Why do all the proposed routes miss all the industrial areas?




  • RT aims to provide quick connections for longer-distance travel and will serve major destinations and provide convenient transfers to other routes that will get you to your final destination, like the industrial areas.

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  • It seem as though you want to make it difficult to get around the city in a car once the BRT is up and running. Ok, if I’m supposed to leave my car at home how will I get to work for my shift that starts at 6 am when the first bus doesn’t go past my home till 6:18 am? So now I have my car at work, when I get off at 3 pm do you think I’m going to drop my car off at home before I grab the BRT and go downtown to the market? NO! People won’t use the BRT as planned for the same reasons they don’t use it now, it’s slow and inconvenient. People in London will ride their E-bikes in the rain and snow rather than ride the LTC.

    This $90,000,000 tunnel is just laughable, absolutely no need for it!. The dewatering and ground disturbance (pounding and vibration from construction equipment) in the area of the tunnel will destabilize the foundations of some existing older structures and cause huge problems. $$$$$ Another thing, what’s the plan to deal with Carling Creek????

    What city of London’s size has trains running through the downtown core with level crossings on main arteries?? Why not eliminate the trains?? If you look at a London and area map you will see that the CP and CN tracks are only a few meters apart in the east end near Woodstock and in the west end near Komoka. So no need for the $90,000,000 tunnel. The city should just, “TELL”, not ask, CP to move their barely used yard out of the city and “TELL” CP and CN to run their trains through town on the same corridor ( Rail bed ) on a sensible schedule and to clean that corridor up. The land that the CP now uses for it’s tracks and yard could be used for new low cost housing. The path the tracks follow now would make a great cross town park / walking / cycling route in and out of the core from the east and west. So no need for the tunnel at Richmond or bridge widening at Oxford and Western Rd. Just knock the old train bridge down and widen the road and replace the train bridge with a smaller cheaper bridge for the cycling / walking route into the core. The same could be done with the train bridge west of Talbot and Oxford it could be taken down to widen Oxford for BRT and replaced with a cycling walking bridge. Just like in St Thomas if you remove those tracks and the pollution that goes with the trains out the core you can also remove a few bridges around the city and repurpose them at other locations for the BRT or to replace Blackfriars or whatever and save $$$$ Quebec St, for example . Slow down and take a look the possibilities are endless.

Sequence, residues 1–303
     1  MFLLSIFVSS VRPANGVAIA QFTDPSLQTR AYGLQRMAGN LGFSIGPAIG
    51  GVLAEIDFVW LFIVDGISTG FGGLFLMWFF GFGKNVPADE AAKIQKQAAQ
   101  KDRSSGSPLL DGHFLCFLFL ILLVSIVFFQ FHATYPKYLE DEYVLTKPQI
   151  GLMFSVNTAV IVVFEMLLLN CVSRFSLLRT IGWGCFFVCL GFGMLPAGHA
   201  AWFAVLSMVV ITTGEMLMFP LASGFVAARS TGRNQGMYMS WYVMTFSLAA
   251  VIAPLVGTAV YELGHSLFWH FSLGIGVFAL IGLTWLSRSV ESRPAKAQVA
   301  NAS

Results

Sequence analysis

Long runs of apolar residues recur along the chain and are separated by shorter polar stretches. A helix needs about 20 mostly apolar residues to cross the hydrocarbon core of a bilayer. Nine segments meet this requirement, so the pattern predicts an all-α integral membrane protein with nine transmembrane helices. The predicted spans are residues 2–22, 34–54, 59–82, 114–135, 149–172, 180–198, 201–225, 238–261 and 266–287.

• Total numbers of people who work at Industrial area might not be less than people who work in downtown, but the City Hall did not pay enough attention to people who work in Manufacturing. Existing routes to University, downtown, and Fanshawe College are good enough already. Keep in mind, students only take buses in fall and winter; oppositely, the industrial area are busy all seasons of the year, and people need to go to work from morning to afternoon. And those residents pay property tax to support public transit, but students are not.

    Just taking 3M Canada, General Dynamic, StarTech in the Industrial Park as examples, they are top 10 biggest employers of City of London. Most of employees live in London, own properties, pay taxes. In reality, a few people can take advantage of public transit to work . It is because there are too many routes to downtown, only one or two bus routes go Industrial Park, and they are not direct routes for most people. Myself lived at Huron and Highbury and went to work at Industrial area, it took me 50 min in the morning and 1 hour 15 minutes in the afternoon, and I had to make 3 transfers, waited for buses come every 20-30 minutes in rush hours. I gave up on taking buses and ended up drive to work for only 10 minutes one way.

    Due to long waiting time, too many transfers and less routes of public transit in industrial areas, a lot of people cannot take advantage of taking buses to work. The city hall should consider to design more direct routes to industrial area, and adjust bus frequency to every 10 min at rush hours, make it convenience and time saving, so that people will have incentive to take buses than driving.